The United Nations needs massive funds to avert famine in Yemen and warring parties there must ensure humanitarian aid can be delivered, U.N. Secretary-General Antonio Guterres said on Tuesday as he opened a donor conference in Geneva.
A U.N. appeal for $1.2 billion this year for Yemen, where Guterres said a child under the age of five dies of preventable causes every 10 minutes, is only 15 percent covered.
Two years of conflict between Houthi rebels aligned with Iran and a Western-backed, Saudi-led coalition that carries out air strikes almost daily have killed at least 10,000 people in Yemen, and hunger and disease are rife there.
Nearly 19 million people or two-thirds of the population need emergency aid, Guterres said, renewing a call for peace talks and urging all parties to "facilitate the rapid and unimpeded passage of humanitarian aid by air, sea and land".
"We are witnessing the starving and the crippling of an entire generation. We must act now to save lives," he added.
"All infrastructures must remain open and operational."
Yemen's Prime Minister Ahmed Obeid Bin Daghr said his government, which controls only part of the country, would allow access for aid supplies. "We are ready to open new corridors for this aid," he said.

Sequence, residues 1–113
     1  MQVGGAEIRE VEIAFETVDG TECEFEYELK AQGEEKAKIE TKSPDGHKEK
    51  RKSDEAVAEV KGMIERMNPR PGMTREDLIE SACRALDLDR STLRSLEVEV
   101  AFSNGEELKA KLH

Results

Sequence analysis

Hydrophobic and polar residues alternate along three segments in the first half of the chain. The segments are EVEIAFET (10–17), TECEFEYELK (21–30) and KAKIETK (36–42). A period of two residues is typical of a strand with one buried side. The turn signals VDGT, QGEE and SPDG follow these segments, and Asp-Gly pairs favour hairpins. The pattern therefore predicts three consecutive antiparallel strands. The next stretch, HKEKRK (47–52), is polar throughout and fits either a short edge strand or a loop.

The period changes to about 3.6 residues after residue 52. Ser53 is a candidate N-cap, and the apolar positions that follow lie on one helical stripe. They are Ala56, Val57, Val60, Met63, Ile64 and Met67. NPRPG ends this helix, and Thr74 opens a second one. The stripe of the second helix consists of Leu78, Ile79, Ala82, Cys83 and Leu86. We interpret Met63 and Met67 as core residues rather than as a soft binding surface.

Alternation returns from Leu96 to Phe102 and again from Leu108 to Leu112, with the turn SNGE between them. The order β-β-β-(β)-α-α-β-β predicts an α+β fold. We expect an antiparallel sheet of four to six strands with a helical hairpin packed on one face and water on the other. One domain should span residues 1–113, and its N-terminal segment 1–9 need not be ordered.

Initial pledges announced at the conference included $150 million from Saudi Arabia, $100 million from Kuwait, 50 million euros ($54.39 million) from Germany and $94 million from the United States.
The World Food Programme (WFP) has committed $1 billion to Yemen and reached a record 5 million people last month with rations but needs to scale up deliveries to reach 9 million who are deemed "severely food insecure", its regional director Muhannad Hadi said in an interview.
They include some 3 million malnourished children.
"Real Famine That Will Shame Us"
"If the international community does not move right now, and if WFP does not get the right funding and support to address all needs, I think the cost of that will be real famine that will shame us in coming months and weeks," Hadi told Reuters.
Yemen imports 90 percent of its food, 70 percent of which passes through the strategic Red Sea port of Hodeidah. Concerns are growing about a possible attack by the Yemeni government and its Arab allies, who say the Houthis use it to smuggle weapons and ammunition.
"We are concerned about (all) facilities in Yemen because at this stage we can't afford to even lose one bridge or one road network let alone to lose a major facility like Hodeidah port," Hadi said.
"In order to achieve security in this region, we have to address the food security needs. It's impossible to have security in the country while people are hungry," he said.
The U.N. called on April 5 for safeguarding of the port, where five cranes have been destroyed by airstrikes, forcing ships to line up offshore because they cannot be unloaded.
U.N. Emergency Relief Coordinator Stephen O'Brien told the conference the United Nations and its humanitarian partners are scaling up and are prepared to do more, "provided there are resources and access".